Rare Diseases are defined as chronic diseases that affect only 0.05% of the population or less. There are over 7000 known rare diseases, and taken together, they affect around 8% of the world’s population. In California, that means over 3 million patients have a rare disease. Worldwide, the prevalence is over 500 million patients. The vast majority of these diseases are caused by genetic mutations and have no treatments. Further, each disease is so rare that most doctors are unaware of these diseases and many patients go years without a diagnosis. Comprehensive genetic testing is necessary to diagnose, yet remains inaccessible to many Californians. There is a tremendous, untapped opportunity to advance the diagnosis and treatment of patients with rare diseases in California and facilitate discovery of new diseases.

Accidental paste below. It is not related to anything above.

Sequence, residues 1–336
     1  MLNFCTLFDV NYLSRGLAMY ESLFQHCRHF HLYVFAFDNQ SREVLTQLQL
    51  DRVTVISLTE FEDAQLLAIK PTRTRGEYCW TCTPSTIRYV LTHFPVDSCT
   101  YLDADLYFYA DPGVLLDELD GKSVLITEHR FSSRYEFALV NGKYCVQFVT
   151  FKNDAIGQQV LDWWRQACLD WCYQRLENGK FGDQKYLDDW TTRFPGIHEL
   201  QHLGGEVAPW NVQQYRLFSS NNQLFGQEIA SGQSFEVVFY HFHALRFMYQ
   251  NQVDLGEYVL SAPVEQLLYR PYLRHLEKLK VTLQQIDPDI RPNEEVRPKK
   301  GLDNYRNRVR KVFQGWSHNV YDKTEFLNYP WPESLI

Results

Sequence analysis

The Institute for Precision Health and David Geffen School of Medicine at UCLA has thus launched in 2019 the California Center for Rare Diseases at UCLA, which will transform the lives of patients with rare diseases by discovering the genetic causes of their diseases; caring for them compassionately through innovative treatments; offering clinical trials and other treatments aimed at ameliorating or curing their disorder; and offering education and advocacy. We enhance the mission of the Institute for Precision Health (IPH) at UCLA by deepening our understanding of genetic and epigenetic factors that lead to rare diseases. This effort builds on over a decade of work transforming the landscape for rare diseases at UCLA including the establishment of the Center for Duchenne Muscular Dystrophy in 2007, the Center for Autism Research and Treatment in 2006, the Clinical Genomics Center and Clinical Exome Sequencing in 2011, the Undiagnosed Disease Network Clinical Site at UCLA in 2014, transition of the International Skeletal Disease Registry to UCLA in 2018, and a breadth of activity in rare disease understanding, clinical trials, and improvements in coordinated care that are impacting patients lives. We offer personalized medical care for each patient (children and adults) based on genetic and research tests, including repurposing drugs for individual use and running clinical trials, and with strong integration with laboratories both on and off campus, we are making long-lasting, transformative changes in the field of rare diseases